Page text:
Arts and Entertainment

Marysville arts center launches online fundraising campaign

Conceptual artist Cassandra Canady
Conceptual artist Cassandra Canady's illustration of what the Red Curtain Foundation for the Arts in Marysville could look like.
— image credit: Courtesy image.

MARYSVILLE — The Red Curtain Foundation for the Arts has entered the next phase of settling into its new home in Marysville, but it needs the public's help to complete the transition.

Scott Randall, president of the Red Curtain Foundation for the Arts, started the nonprofit organization in June of 2009, and in June of 2013, the group moved into the former Dunn Lumber building in Marysville.

"The next step in the process came on Dec. 3 of last year, when I was doing a site walkthrough of the facility with the building commissioner and the fire marshall," Randall said. "I asked them what we would need to do in order to start operating from this building sooner."

The Foundation won't be hosting concerts or plays from the Dunn Lumber building for a while yet, but if Red Curtain can raise the funds to get the facility in shape to meet the current regulations for fire safety and ADA compliance, then the group can provide a space for classes, meetings and other small events, to help it generate semi-regular revenue toward the down payment that needs to be made before more significant renovations are performed.

"We're looking to add extras, to tear up pavement, and to put up and knock down walls, but we can't do that now, because we don't actually own the building yet," Randall said, noting that the Red Curtain Foundation for the Arts is still operating under a lease agreement with Dunn Lumber. "In the meantime, because the facility has had hardly any updates since it was first built in 1967, we need to upgrade its fire system, make its restrooms ADA-compliant, put up new exit signs and install new doorhandles. And we need to do all of that immediately, before we can begin to offer even scaled-down programming on a regular basis."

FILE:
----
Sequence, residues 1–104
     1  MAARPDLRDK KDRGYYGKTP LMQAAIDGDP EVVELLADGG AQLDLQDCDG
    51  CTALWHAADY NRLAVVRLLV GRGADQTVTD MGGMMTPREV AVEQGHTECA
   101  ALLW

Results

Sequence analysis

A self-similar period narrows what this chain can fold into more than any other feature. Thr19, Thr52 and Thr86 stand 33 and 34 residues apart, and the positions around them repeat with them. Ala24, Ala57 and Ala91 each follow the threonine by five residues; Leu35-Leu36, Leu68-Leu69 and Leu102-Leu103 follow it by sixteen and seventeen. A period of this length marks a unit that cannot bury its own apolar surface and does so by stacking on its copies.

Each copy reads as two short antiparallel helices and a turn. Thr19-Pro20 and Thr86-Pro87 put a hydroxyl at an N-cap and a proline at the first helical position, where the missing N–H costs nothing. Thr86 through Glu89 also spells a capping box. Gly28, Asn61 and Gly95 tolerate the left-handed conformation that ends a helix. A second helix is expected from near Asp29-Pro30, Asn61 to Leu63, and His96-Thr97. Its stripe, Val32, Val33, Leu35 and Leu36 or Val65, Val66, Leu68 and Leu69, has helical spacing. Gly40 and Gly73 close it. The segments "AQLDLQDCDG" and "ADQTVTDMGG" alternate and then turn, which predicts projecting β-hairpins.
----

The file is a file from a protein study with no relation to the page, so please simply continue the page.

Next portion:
Beyond that, Randall eventually plans to install sprinkler systems and redesign the building's exterior to include an enclosed space outdoors, but while conceptual artist Cassandra Canady has illustrated what Randall hopes the fully refurbished facility will ultimately look like, and engineer and architect Doug Walter has even drawn up a schematic for its interior layout, Randall himself knows that the Marysville community will need some persuading.

"What I'm finding is that folks in Marysville are very excited about having the Red Curtain Foundation for the Arts in their town, but they're still saying, 'Okay prove it,'" Randall said. "By hosting these smaller events to start with, we can prove that this center can be a benefit to the community. In an ideal world, it'd be nice to generate enough donations and revenue to have our facility fully ready for the art season this fall, maybe even by launching it with a concert, but if it takes us a while longer, at least by taking care of the immediate concerns, we can do enough good stuff to sustain ourselves and show some of what we're capable of."

The Red Curtain Foundation for the Arts invites those interested in donating or learning more to visit its Indiegogo fundraising campaign page at www.indiegogo.com/projects/new-marysville-community-arts-center.

"Also, we've always looking for volunteers," Randall said. "There are lots of opportunities to participate, and those will increase as time goes by."

For more information on the Red Curtain Foundation for the Arts, log onto www.redcurtainfoundation.org.

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